Hand holding walker and wearing a bracelet that says fall risk

Preventing the most dangerous injuries

When getting out of bed you can almost feel the energy of the season: The chatter of college football, cooler weather and pumpkin spice. Fall is here!

The first day of the fall season — September 22 — also marks Falls Prevention Day. Many people don’t realize that falls are a serious problem — especially for older adults.

In 2016 alone, Spartanburg Medical Center’s Level I Trauma Center treated 984 individuals for fall-related injuries. Falls accounted for 51 percent of our total trauma injuries.

More patients were treated for falls than for violence and motor vehicle accidents combined.

Those at highest risk for falls are the very young (under age 4) and older adults (over 65 years old). Falls are the leading cause of fatal and non-fatal injuries for people over 65.

People fall for numerous reasons, and many times falls are related to accumulated risk factors. The more risk factors you have, the greater your risk of falling.

For children, the highest risk factors are muscular weakness or development, and not being aware of your safety. In older adults, the top risk factors include muscular weakness, decreased safety awareness, medication usage, decreased balance, gait, and difficulties with hearing, vision and sensation of touch.

What happens when we fall?

When we fall, our injuries depend on what we hit, where we hit, the height of the fall, the force leading up to impact, and our body’s particular makeup and history. Falls from standing can lead to:

  • Traumatic brain injuries.
  • Hip fractures.
  • Cervical spine (neck) injuries.
  • Rhabdomyolysis (muscle breakdown), which can lead to acute kidney failure.

There is good news is falls are preventable! Falls are not a natural part of aging. As we age we may need to slow down, but we do not need to fall down.

Prevent falls by following these steps:

  1. During your yearly physical with your health care provider, review your medication list and common side effects. You may even find some medications that are no longer necessary. 
  2. Review your health conditions with your health care provider and ask if any of these increase your risks of falling.
  3. Have your hearing and vision checked yearly. Due to their gradual changes, your medical provider may find an issue before you do. 
  4. Stay active. The most common cause of falling is muscular weakness. Taking part in a comprehensive exercise program multiple times a week will increase your strength, balance and confidence, and may assist you in decreasing blood pressure and cholesterol.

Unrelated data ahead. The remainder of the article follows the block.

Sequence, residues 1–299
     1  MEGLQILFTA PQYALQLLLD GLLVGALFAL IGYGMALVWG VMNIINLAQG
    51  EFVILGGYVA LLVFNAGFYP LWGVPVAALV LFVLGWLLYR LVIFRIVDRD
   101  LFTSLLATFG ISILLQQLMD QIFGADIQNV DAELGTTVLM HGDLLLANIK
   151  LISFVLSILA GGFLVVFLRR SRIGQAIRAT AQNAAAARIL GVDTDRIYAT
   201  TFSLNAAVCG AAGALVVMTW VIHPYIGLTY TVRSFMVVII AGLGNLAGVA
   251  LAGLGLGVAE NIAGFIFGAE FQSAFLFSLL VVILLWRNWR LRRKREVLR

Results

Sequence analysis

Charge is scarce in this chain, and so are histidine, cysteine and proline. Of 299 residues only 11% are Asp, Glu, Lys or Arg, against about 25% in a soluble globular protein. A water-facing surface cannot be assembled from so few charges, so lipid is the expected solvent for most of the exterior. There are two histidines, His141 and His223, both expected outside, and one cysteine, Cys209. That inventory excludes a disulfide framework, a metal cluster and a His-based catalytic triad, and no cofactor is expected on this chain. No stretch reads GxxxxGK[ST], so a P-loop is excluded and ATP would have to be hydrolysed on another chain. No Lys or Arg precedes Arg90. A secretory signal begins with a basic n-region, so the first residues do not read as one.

5. Keep your house clean and clear of hazards. Collections of newspapers, mail, packages, and household items such as drop cords and throw rugs increase our chances of ending up in the floor. I am a strong believer in getting rid of the clutter, including throw rugs. Have a clear, clutter free path to your frequently used areas of the home (bedroom, bathroom, kitchen) A clutter free home also decreases ones stress level.
  6. Watch out for your pets. I’m not an advocate of getting rid of our fur babies (dogs and cats), but they can often get under your feet while walking, so watch your step while they are underfoot.
  7. Know your body and its limits. If you are one who gets dizzy when you get out of bed or up from a chair, make sure you give yourself extra time. Your body needs to make adjustments before you sprint to the bathroom or that ringing phone. You also need to make sure your medical provider is aware of this condition.
  8. Use assisted devices when directed. The time to reach for a cane or walker should not be when you are in the floor grasping for things nearby. If you have been directed to use an assistive device, do so until you can show your healthcare provider (through strength and balancing programs) that the device is no longer necessary. 

I have yet to speak with an older adult who loves the aging process. They all have the same message: “Getting old isn’t for sissies.” Aging may not be the most fun, but it is the most necessary thing to get you to next year.

I want everyone to enjoy fall, but don’t fall yourself. Please don’t meet us by accident.  

Join us - SAIL class

The Spartanburg Medial Center Trauma Center sponsors Stay Active & Independent for Life (SAIL) classes to keep you active and balanced. SAIL is a one-hour strength, balance and fitness class for older adults designed to increase strength and balance, keeping you active and independent. Registration is not required for this free class, which includes exercises and a workbook. Visit for a schedule of upcoming classes.